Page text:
Capitalism is undeniably a giant progress in a number of areas. Feminism and notions of human rights arrived in late-capitalism and welfare capitalism had less of a stratified, class structure. One of the undeniable reactionary aspects of Feudalism is its authoritarian appeal to a rigid social structure where everyone knows their place. Also obviously capitalism has less starvation during winter. Westeros is chock full of prostitution and the suffering small people. Esteros is full of slaves and brutality. What is compelling about Game of Thrones is that it explores the dark side of Feudalism in a realistic manner and doesn't romanticize it.

But some of the admirable Feudal values have been lost to an extent. There is just the cash nexus. And it seems to be corrupting the political/public sphere in a corrosive feedback loop. Witness the housing bubble and economic crises and the Republican Party being taken over by frauds and fanatics. Free-market welfare capitalism has morphed into rent-seeking crony capitalism and socialism for the rich where slow growth, low inflation and high unemployment is a regressive tax on wages. Inequality increases as past progress is lost.

Ned Stark exemplified the redeeming values of Feudalism for me and hence the attraction of fantasy fiction.* For one even though he was the ruler in the north and a noble he was accountable to his  people. He performed his own executions and did his own dirty work so that power wouldn't corrupt him. (Or maybe it was more of a symbol of accountable rulership.) And Maester Luwin told Bran that a good lord needs to listen to his subjects. Ned Stark also expressed some sympathy for the low born butcher's boy to Varys last season, after Varys mentioned the unpleasantness on the Kingsroad. And he was against assassinating Daenyres Targaryen.

Ned Stark also had honor and integrity, which meant telling the truth. If he hadn't, Stannis and Renly wouldn't be challenging King Joffrey's claim to the throne. And the North wouldn't have rebelled. If he wasn't loyal to his friend he would have remained in the North and no doubt the Lannisters would have taken over.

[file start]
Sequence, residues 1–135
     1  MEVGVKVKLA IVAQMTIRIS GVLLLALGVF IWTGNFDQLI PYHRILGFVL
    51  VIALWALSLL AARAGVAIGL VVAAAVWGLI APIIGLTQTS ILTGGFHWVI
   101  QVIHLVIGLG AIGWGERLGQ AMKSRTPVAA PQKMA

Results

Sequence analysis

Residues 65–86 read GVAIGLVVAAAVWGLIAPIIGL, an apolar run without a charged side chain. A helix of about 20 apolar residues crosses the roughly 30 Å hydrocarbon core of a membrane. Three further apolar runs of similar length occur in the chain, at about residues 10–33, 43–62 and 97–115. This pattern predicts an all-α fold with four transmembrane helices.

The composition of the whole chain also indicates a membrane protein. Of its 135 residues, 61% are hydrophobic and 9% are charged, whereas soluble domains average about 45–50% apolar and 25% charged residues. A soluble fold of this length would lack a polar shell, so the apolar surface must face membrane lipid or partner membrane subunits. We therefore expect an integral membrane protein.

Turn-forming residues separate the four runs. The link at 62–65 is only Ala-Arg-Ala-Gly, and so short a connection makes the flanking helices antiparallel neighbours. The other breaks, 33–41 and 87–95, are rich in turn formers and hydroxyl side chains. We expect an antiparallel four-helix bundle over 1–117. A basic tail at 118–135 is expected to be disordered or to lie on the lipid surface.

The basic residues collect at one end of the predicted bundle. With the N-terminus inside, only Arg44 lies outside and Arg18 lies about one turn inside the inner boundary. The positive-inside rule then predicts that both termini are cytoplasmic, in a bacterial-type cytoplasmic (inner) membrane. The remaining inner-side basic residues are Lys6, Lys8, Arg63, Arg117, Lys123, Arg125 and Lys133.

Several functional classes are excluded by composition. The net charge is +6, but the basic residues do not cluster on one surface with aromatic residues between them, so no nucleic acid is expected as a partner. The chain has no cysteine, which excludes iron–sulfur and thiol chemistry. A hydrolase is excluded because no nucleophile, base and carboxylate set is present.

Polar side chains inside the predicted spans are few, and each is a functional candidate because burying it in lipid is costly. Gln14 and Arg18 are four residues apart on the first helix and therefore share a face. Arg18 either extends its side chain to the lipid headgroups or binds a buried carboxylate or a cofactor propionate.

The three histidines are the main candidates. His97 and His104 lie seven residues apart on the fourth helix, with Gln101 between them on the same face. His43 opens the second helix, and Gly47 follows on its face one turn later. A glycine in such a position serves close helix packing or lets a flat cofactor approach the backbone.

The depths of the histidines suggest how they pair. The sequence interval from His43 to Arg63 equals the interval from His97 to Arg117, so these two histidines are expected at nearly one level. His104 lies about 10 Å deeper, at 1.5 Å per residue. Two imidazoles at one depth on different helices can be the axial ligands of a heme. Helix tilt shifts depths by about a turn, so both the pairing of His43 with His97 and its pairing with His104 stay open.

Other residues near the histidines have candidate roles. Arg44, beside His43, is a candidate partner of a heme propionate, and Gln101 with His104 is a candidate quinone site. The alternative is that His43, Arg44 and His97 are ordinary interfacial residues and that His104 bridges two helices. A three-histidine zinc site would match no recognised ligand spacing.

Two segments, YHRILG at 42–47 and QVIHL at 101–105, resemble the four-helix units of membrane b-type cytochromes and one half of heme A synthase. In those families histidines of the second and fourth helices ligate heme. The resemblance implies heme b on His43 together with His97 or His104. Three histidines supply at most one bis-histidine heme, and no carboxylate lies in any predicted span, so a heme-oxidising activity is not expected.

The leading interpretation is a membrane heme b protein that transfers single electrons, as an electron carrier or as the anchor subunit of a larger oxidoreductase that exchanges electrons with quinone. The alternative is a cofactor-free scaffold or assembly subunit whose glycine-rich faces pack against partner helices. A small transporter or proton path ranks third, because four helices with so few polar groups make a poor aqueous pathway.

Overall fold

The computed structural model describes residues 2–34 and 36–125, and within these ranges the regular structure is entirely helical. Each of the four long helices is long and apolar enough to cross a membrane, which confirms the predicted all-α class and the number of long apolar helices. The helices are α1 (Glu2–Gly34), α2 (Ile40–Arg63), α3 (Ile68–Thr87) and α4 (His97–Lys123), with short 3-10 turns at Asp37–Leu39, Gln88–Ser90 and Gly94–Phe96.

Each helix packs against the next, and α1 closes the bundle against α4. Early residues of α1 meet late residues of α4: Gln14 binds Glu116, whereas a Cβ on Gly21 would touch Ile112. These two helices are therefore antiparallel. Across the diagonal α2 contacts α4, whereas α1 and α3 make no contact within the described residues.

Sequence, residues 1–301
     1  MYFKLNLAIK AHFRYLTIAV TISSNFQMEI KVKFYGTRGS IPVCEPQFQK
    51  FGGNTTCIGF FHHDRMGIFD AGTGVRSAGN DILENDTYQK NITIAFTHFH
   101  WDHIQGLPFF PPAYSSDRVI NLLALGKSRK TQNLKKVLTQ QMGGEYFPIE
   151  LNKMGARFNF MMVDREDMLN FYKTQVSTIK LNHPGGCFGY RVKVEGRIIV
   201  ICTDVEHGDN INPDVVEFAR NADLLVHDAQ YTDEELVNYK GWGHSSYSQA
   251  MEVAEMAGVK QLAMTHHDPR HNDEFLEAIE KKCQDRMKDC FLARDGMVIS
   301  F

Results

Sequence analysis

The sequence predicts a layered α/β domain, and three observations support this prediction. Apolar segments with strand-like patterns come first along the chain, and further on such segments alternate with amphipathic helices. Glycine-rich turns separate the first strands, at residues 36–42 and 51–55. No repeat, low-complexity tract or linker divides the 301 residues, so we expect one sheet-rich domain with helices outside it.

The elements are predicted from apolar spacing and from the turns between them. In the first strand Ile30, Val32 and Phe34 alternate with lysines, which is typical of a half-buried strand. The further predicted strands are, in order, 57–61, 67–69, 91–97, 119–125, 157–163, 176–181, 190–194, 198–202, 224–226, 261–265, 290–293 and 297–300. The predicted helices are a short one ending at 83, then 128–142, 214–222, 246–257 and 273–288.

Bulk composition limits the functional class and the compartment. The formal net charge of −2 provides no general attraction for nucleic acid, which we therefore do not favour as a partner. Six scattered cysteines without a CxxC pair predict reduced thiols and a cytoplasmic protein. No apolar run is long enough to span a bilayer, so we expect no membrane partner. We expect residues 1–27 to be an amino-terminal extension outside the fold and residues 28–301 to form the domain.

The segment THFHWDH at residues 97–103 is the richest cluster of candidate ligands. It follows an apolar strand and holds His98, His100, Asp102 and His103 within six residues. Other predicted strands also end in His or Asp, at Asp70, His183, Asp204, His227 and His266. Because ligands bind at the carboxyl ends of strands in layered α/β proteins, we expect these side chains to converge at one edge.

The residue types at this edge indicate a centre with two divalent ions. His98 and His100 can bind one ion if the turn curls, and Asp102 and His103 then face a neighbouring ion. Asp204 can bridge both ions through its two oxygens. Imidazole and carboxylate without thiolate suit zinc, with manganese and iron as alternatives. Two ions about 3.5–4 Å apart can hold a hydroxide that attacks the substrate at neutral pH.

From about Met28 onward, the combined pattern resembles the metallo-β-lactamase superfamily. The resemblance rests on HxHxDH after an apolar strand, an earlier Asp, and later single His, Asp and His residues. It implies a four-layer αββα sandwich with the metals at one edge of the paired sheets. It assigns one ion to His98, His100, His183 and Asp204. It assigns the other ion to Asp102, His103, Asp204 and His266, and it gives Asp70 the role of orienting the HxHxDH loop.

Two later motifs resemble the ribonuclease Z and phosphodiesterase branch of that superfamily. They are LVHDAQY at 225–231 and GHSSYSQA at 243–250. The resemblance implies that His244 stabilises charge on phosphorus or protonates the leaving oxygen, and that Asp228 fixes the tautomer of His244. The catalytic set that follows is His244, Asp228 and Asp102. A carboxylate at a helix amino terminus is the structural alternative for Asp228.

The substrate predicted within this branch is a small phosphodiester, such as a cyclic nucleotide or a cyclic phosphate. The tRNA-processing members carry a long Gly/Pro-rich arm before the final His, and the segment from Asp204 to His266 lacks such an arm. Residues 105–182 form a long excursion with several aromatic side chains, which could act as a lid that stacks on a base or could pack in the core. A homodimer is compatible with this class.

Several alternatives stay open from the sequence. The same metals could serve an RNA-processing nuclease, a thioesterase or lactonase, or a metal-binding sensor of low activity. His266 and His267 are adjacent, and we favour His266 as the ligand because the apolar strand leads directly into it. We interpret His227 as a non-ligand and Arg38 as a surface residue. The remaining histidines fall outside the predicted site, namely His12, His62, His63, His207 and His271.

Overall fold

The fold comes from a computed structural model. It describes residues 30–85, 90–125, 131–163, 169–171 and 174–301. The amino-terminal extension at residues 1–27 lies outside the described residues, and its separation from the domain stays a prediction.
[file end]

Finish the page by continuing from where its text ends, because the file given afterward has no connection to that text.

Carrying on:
As Robb tells Talisa, if there had not been a war, the realm would be subject to Joffrey's cruel and capricious rule. Maybe that would be better war. But the reign of Joffrey Baratheon could be a disaster also. He probably would have sparked a rebellion sooner or later just as the King Aerys did as he descended into madness.

And in the background you have the Red Comet, the return of magic, The Others, The Lord of Light, and Daenerys's dragons.

* Was humanity hard-wired with morales and social solidarity? In Feudalism you had chivalry, loyalty and codes of honor. In welfare capitalism you had progress on a number of fronts of well being.

What I like about Game of Thrones is that there is a wide spectrum and variety of evil. Tywin Lannister may be bad, but he's more reasonable than his mad dog, the Mountain That Rides and The Tickler and Polliver. Tyrion is good but maneuvers within the system in the belly of the beast. On the good side I'd list the Nightswatch, Davos Seaworth, Brienne, Daenyres, Robb, Jorah Mormont, Brienne, Maester Luwin. Arya, and even Sansa saved Ser Dantos. Varys, Stannis and Renly are little complicated. Same with the Tyrells.